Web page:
When you’re a new beauty brand, how do you catch the attention of some of the world’s biggest retailers?
Having the internet become completely obsessed with one of your products doesn’t hurt.
In the past few weeks, more than 5.3 million people have viewed a video introducing the Glamspin, a candy-colored fidget spinner packed with three different flavors of lip gloss. Dozens of media outlets—think Allure, Elle, and Vogue—covered its release like it was a new line by a Kardashian.
The product was the brainchild of Tom Crowley, Alex Fogelson, and Sabrina Vertucci, cofounders of Taste Beauty. They brought the idea to Buzzfeed’s Product Lab, which gave it their thumbs up. Within a month, a video of the product had gone viral.
That caught the attention of Sephora, which already sells Taste Beauty’s adorable Felicia the Flamingo lip balm. The massive beauty retailer will begin selling the Glamspin this month, as will Dylan’s Candy Bar and Saks Fifth Avenue.
Not bad for Taste Beauty, whose first product was released last year.
For years, Crowley, Fogelson, and Vertucci worked together at a large beauty brand. Together they had more than 30 years experience in the cosmetics industry.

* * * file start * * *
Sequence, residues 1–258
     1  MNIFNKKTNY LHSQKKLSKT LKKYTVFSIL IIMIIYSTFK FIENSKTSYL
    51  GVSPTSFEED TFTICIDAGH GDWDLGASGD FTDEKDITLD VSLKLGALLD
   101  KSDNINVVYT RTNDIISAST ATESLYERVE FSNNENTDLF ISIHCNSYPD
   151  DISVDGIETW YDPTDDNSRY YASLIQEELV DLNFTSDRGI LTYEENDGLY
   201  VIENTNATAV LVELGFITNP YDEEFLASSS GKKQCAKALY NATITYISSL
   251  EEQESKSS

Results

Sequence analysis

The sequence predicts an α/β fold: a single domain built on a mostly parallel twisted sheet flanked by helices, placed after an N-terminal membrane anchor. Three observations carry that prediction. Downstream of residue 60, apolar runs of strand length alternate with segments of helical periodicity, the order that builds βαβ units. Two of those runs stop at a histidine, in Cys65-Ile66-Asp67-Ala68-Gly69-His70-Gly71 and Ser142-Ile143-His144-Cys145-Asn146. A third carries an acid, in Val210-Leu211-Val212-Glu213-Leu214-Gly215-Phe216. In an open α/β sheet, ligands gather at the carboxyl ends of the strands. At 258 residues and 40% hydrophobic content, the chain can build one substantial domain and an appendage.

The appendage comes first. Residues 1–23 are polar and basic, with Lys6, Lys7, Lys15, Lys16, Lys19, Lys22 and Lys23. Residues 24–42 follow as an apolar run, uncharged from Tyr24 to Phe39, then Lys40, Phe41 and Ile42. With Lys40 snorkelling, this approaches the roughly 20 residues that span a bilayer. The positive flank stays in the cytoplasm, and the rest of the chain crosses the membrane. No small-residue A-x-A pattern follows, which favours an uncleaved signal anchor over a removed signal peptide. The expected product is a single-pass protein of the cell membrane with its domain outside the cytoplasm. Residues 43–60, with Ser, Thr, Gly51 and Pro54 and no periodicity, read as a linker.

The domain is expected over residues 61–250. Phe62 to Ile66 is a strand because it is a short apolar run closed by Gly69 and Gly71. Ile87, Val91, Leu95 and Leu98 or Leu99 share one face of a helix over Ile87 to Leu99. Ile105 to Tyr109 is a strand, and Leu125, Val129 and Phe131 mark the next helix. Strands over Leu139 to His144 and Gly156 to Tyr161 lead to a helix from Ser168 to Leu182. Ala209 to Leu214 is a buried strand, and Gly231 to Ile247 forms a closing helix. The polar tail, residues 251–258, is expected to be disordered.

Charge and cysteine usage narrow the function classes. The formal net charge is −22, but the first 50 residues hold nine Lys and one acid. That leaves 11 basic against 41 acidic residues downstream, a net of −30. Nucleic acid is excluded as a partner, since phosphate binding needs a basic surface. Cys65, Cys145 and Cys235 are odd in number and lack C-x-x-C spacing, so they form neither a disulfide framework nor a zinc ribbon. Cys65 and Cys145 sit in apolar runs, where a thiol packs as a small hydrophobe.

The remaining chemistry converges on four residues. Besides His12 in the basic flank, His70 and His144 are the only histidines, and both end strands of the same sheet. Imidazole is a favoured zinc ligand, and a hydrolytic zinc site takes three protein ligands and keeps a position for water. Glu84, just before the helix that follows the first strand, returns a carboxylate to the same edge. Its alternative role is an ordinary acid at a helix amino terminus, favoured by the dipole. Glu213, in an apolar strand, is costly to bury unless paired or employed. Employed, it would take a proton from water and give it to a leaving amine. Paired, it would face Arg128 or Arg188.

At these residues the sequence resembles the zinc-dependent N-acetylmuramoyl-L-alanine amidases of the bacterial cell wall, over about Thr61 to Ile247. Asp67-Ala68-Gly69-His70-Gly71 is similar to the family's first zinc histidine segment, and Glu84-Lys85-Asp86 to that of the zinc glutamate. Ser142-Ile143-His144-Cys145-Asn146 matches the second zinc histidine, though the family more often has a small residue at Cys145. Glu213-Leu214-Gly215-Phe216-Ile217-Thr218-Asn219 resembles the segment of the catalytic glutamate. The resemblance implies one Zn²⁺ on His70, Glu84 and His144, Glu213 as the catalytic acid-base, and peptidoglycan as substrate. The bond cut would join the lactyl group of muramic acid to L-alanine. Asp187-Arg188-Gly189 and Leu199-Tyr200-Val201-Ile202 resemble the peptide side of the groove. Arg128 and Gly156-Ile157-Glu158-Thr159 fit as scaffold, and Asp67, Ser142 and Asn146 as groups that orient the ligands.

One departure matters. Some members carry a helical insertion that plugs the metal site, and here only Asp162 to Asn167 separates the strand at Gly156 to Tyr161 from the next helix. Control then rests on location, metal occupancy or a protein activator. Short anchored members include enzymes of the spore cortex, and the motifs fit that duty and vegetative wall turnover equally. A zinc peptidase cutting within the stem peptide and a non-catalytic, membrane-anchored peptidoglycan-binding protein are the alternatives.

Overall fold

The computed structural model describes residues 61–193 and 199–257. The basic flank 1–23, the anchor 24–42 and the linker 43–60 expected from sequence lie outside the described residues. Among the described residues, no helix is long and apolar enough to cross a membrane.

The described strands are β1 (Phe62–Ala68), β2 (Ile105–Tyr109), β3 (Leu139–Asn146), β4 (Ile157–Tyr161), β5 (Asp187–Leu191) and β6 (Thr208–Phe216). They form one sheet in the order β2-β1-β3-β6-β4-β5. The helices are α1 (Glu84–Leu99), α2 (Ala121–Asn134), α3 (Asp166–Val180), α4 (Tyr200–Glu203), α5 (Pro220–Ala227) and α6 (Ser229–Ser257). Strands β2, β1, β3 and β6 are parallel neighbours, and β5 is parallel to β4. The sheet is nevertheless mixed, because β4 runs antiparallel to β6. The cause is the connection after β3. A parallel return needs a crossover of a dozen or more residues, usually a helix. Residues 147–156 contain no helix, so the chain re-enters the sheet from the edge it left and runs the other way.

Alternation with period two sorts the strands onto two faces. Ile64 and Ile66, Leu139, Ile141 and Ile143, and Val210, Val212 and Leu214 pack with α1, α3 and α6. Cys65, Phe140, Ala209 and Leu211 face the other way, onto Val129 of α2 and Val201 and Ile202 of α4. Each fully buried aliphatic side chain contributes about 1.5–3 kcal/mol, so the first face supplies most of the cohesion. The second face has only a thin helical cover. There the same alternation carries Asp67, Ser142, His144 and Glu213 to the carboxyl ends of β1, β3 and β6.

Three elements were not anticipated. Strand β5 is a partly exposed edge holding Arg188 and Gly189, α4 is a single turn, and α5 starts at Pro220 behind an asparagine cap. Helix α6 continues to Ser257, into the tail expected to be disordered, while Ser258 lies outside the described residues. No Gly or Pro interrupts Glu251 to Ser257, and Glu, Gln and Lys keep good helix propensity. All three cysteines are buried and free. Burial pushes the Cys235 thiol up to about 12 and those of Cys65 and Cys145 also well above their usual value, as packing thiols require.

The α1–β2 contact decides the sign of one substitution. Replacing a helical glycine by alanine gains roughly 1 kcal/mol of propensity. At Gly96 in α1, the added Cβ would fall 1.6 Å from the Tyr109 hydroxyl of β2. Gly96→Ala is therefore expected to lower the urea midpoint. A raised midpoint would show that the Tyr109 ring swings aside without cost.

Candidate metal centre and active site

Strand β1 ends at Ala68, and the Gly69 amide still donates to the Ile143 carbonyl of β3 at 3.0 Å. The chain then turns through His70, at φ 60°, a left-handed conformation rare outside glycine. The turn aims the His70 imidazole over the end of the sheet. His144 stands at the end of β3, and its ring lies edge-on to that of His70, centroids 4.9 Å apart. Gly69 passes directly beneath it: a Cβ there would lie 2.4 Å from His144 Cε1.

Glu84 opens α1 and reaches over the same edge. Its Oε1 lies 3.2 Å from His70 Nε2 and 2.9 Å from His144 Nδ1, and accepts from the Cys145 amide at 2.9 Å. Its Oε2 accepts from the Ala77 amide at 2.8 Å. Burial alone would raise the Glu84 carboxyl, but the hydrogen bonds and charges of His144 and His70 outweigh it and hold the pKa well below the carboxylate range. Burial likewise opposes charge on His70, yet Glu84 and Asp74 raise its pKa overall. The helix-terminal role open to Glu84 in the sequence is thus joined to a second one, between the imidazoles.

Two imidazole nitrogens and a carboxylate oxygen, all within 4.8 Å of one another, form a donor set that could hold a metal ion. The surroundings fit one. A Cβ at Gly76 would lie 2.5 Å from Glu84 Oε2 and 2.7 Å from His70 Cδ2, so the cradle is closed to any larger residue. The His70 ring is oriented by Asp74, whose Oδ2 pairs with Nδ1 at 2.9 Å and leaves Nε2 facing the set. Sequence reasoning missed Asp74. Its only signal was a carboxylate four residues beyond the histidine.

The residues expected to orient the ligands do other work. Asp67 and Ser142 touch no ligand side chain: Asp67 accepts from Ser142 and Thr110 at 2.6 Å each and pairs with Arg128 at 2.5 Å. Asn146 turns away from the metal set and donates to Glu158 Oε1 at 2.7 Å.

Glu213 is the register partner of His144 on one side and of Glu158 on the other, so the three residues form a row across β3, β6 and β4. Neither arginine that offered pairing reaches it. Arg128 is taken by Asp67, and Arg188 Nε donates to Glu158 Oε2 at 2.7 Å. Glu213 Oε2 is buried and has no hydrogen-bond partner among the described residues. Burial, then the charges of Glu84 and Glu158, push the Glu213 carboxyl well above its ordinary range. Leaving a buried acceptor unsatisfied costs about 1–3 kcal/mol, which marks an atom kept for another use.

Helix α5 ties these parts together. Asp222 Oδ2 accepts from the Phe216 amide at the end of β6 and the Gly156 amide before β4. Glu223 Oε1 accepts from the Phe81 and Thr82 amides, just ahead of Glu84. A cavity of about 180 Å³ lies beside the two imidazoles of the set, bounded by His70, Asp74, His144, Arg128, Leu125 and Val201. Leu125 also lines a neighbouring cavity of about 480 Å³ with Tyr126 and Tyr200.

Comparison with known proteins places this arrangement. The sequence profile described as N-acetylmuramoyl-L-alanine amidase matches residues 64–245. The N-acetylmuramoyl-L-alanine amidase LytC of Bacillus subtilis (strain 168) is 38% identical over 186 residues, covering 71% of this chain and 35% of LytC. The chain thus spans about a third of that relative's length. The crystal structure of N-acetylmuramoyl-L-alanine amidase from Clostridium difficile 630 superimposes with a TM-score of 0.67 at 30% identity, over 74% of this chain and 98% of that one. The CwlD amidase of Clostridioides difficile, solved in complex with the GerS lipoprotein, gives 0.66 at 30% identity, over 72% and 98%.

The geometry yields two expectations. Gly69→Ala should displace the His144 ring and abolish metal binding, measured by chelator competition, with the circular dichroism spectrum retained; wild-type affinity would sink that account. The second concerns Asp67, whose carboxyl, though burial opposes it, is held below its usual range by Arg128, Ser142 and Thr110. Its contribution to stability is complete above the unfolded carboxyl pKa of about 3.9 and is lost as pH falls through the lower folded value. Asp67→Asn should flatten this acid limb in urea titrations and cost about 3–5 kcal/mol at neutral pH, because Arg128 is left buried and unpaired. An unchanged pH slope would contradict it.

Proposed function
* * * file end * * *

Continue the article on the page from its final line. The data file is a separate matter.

Toward the end of 2015, they decided that they should strike out on their own with a brand aimed at teens and tweens. With Crowley tackling product design, Vertucci handling sales and partnerships, and Fogelson in charge of the business side, they had all the bases covered.
“We saw an opportunity to be a different kind of company in the space—to be nimble, super creative, quick to market,” says Fogelson.
To get their products out there faster—Glamspin was available about two months after they first pitched the idea to Buzzfeed—they use the latest technology. For example, the members of New York City’s WeWork Times Square used 3D printing to design the curvaceous Felicia the Flamingo.
“It used to take three months to make a mold for a product,” says Vertucci. “With 3D rendering we can have it finished in two to three weeks.”
How does Taste Beauty appeal to the younger demographic? Their colors are bright, and their designs are often whimsical.
“We dig deep into pop culture,” says Crowley. “Simply put, much of our inspiration is rooted in anything that makes you smile.”